In Love v. United States,23 Paper v. United States,24 Lane v. United States,25 and Barrientes v. United States,26 the officers had warrants. In Martin v. United States27 a garage was held to be protected, but the circumstances seen and heard on the spot by the officer made the search reasonable. In Gibson v. United States28 this court held an entry illegal where the officers had an arrest warrant for a man not in the house but gained admittance by implying that they had a search warrant. In Gatewood v. United States29 we held illegal an entry by an officer who thought a bench warrant was outstanding whereas in fact it had been executed.
We think that under the authorities officers without a warrant cannot enter, even without actually breaking, a private dwelling to search for a suspected felon, no permission being given and no circumstances of necessitous haste being present.
It is significant that in the Harris case, supra, the Supreme Court took the trouble to note: 'This is not a case in which law enforcement officials have invaded a private dwelling without authority and seized evidence of crime.'30 The case before us is precisely a case in which law enforcement officers invaded a private dwelling without authority and seized evidence of crime.
, the judgment of the District Court must be reversed and Morrison awarded a new trial.
WILBUR K. MILLER, Circuit Judge, dissents.
A violation of Sections 103 and 104, Title I, of an Act of June 9, 1948, 62 Stat. 347, D.C.Code 22-3501, 22-3502 (1951)
Supra note 3
Numerous cases validate the seizure of mere evidence from the person of one who has been legally arrested, but obviously those cases are not applicable here. E.g., Weeks v. United States, 232 U.S. 383, 392, 34 S.Ct. 341, 344, 58 L.Ed. 652 (1914); United States v. Kirschenblatt, 16 F.2d 202, 203, 51 A.L.R. 416 (2d Cir. 1926), and cases there cited. In our Morton v. United States, 79 U.S.App.D.C. 329, 147 F.2d 28 (1945), certiorari denied 324 U.S. 875, 65 S.Ct. 1015, 89 L.Ed. 1428 (1945), the evidence was seized as an incident to the arrest, and the opinion appears to be in conflict with Lefkowitz but is sustainable upon the authorities cited, there having been no timely motion to suppress. In Ellison v. United States, 93 U.S.App.D.C. 1, 206 F.2d 476 (1953), we held the seized evidence to be the fruits of the crime. Those cases are inapposite here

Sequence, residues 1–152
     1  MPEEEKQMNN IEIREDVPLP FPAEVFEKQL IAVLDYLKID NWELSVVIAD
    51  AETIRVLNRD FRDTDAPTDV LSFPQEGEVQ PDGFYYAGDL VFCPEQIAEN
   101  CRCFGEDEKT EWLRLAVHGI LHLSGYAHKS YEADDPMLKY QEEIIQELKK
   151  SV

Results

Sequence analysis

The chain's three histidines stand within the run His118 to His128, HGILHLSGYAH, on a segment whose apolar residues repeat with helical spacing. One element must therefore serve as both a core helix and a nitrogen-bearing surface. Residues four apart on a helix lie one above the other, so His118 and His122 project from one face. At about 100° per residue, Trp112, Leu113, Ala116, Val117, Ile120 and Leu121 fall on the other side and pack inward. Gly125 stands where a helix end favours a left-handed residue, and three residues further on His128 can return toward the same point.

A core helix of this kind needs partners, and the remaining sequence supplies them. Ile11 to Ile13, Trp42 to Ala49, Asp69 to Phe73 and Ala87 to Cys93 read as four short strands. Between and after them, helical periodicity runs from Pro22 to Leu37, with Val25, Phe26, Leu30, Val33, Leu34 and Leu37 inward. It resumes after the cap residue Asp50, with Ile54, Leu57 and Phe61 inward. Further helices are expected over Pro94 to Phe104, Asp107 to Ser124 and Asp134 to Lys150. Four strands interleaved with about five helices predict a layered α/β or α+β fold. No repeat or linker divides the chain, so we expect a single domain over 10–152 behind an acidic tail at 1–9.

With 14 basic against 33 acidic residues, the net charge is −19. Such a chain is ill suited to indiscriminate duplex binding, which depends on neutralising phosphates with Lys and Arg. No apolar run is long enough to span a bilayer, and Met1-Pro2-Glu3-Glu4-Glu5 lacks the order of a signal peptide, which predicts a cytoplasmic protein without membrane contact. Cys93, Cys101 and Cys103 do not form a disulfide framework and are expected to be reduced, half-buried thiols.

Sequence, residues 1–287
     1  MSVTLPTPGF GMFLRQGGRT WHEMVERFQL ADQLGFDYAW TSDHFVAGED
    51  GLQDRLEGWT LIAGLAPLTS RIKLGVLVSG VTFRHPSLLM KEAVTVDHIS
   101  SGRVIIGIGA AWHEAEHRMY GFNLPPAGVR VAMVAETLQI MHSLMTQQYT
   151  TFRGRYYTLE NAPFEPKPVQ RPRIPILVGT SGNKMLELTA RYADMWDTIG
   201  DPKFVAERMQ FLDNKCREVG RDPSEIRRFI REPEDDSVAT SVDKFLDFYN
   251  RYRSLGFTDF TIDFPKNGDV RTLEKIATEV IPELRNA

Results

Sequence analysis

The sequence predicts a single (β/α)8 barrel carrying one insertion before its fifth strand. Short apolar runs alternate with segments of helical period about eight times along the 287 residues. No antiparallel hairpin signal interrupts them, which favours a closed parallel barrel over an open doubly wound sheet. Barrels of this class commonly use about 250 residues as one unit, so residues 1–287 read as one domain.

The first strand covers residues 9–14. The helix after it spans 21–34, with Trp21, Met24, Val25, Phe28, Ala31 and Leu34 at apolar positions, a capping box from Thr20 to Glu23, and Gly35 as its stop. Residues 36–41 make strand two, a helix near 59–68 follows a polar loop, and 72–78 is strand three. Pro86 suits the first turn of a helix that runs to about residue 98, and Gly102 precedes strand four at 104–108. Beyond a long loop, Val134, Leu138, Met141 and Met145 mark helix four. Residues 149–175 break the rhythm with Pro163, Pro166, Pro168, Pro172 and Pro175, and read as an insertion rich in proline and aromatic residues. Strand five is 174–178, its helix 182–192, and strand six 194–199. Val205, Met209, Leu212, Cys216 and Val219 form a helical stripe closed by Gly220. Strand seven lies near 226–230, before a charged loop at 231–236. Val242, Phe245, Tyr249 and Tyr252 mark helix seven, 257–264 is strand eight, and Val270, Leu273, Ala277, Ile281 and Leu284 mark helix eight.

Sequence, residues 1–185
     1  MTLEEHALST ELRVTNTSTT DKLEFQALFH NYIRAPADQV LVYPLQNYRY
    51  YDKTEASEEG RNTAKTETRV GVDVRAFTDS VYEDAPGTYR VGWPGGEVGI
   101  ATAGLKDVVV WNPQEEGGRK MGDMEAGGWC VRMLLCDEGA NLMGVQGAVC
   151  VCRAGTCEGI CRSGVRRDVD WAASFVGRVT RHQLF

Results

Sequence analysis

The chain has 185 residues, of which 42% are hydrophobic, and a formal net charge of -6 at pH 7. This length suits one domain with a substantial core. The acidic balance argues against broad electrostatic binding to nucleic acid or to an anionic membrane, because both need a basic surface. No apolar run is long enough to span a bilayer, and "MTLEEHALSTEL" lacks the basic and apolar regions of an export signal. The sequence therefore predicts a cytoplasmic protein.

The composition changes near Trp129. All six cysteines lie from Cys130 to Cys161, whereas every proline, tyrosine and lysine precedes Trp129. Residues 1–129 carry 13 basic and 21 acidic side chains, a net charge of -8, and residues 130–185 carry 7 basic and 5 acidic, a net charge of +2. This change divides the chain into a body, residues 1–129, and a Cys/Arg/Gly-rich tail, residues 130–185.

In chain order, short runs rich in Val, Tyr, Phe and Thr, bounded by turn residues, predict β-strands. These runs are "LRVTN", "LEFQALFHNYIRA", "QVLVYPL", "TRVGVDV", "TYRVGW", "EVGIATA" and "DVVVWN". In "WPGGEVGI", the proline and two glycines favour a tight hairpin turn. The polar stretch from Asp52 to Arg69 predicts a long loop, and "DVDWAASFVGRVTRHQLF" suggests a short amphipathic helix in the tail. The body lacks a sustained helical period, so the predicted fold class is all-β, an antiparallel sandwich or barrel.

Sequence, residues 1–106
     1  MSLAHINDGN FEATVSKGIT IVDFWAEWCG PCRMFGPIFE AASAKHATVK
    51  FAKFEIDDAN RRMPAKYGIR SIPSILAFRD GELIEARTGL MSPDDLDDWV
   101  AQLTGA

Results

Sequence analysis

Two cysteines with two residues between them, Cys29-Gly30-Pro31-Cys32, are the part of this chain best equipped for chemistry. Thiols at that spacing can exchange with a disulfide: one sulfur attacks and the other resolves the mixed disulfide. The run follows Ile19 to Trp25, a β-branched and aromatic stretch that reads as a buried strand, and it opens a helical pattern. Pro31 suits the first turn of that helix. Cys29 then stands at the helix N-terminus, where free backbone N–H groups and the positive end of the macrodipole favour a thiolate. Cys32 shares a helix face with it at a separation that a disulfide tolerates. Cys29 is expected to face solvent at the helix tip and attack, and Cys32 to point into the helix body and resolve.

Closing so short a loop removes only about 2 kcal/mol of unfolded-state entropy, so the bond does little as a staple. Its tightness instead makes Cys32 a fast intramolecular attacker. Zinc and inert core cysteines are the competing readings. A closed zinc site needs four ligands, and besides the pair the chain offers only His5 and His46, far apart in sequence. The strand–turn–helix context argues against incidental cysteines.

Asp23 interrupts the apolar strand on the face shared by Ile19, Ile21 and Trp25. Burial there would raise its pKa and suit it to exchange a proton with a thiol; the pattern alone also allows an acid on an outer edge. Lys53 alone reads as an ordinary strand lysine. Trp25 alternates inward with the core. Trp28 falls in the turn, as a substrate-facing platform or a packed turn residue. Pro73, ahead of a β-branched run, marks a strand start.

See, e.g., District of Columbia v. Little, 85 U.S.App.D.C. 242, 178 F.2d 13 (1949), affirmed 339 U.S. 1, 70 S.Ct. 468, 94 L.Ed. 599 (1950), and Accarino v. United States, 85 U.S.App.D.C. 394, 179 F.2d 456 (1949), the latter cited and discussed with approval by the Supreme Court in Miller v. United States, 357 U.S. 301, 78 S.Ct. 1190, 2 L.Ed.2d 1332 (1958)
Examples, in addition to Miller v. United States, 357 U.S. 301, 78 S.Ct. 1190, 2 L.Ed.2d 1332 (1958), are Agnello v. United States, 269 U.S. 20, 46 S.Ct. 4, 70 L.Ed. 145 (1925); Johnson v. United States, 333 U.S. 10, 68 S.Ct. 367, 92 L.Ed. 436 (1948); Amos v. United States, 255 U.S. 313, 41 S.Ct. 266, 65 L.Ed. 654 (1921); McDonald v. United States, 335 U.S. 451, 69 S.Ct. 191, 93 L.Ed. 153 (1948); Byars v. United States, 273 U.S. 28, 47 S.Ct. 248, 71 L.Ed. 520 (1927); and Jones v. United States, 357 U.S. 493, 78 S.Ct. 1253, 2 L.Ed.2d 1514 (1958)
See, e.g., Restatement, Torts 113
The answer to this question is unrelated to the fact that the house is later found to be unoccupied. The entry is lawful or unlawful at the time it is made, and a subsequent search has the same legal character as the entry which made it possible. Whitley v. United States, 99 U.S.App.D.C. 159, 237 F.2d 787 (D.C.Cir., 1956); Mills v. United States, 90 U.S.App.D.C. 365, 367, 196 F.2d 600, 602 (D.C.Cir., 1952), certiorari denied 344 U.S. 826, 73 S.Ct. 27, 97 L.Ed. 643 (1952)
103 U.S.App.D.C. 48, 254 F.2d 751 (D.C.Cir., 1958), certiorari denied 357 U.S. 937, 78 S.Ct. 1388, 2 L.Ed.2d 1552 (1958)
Mattus v. United States, 11 F.2d 503 (9th Cir., 1926), Appell v. United States, 29 F.2d 379 (5th Cir., 1928), and Mullaney v. United States, 82 F.2d 638 (9th Cir., 1936), were narcotics cases similar on the facts to our Smith case, supra
85 U.S.App.D.C. 242, 246, 278 F.2d 13, 17 (D.C.Cir., 1949), affirmed 339 U.S. 1, 70 S.Ct. 468, 94 L.Ed. 599 (1950)
Supra, 85 U.S.App.D.C. at page 402, 179 F.2d at page 464
Supra, 357 U.S. at page 498, 78 S.Ct. at page 1256
E.g., a barn, Steeber v. United States, 198 F.2d 615, 33 A.L.R.2d 1425 (10th Cir., 1952), and a smokehouse, Roberson v. United States, 165 F.2d 752 (6th Cir., 1948)
170 F.2d 32 (4th Cir., 1948), certiorari denied 336 U.S. 912, 69 S.Ct. 601, 93 L.Ed. 1076 (1949)
53 F.2d 184 (4th Cir., 1931)
148 F.2d 816 (5th Cir., 1945), certiorari denied 326 U.S. 720, 66 S.Ct. 25, 90 L.Ed. 427 (1945)
80 U.S.App.D.C. 81, 149 F.2d 381 (1945), certiorari denied 326 U.S. 724, 66 S.Ct. 29, 90 L.Ed. 429 (1945)
331 U.S. at page 153, 67 S.Ct. at page 1102, 91 L.Ed. 1399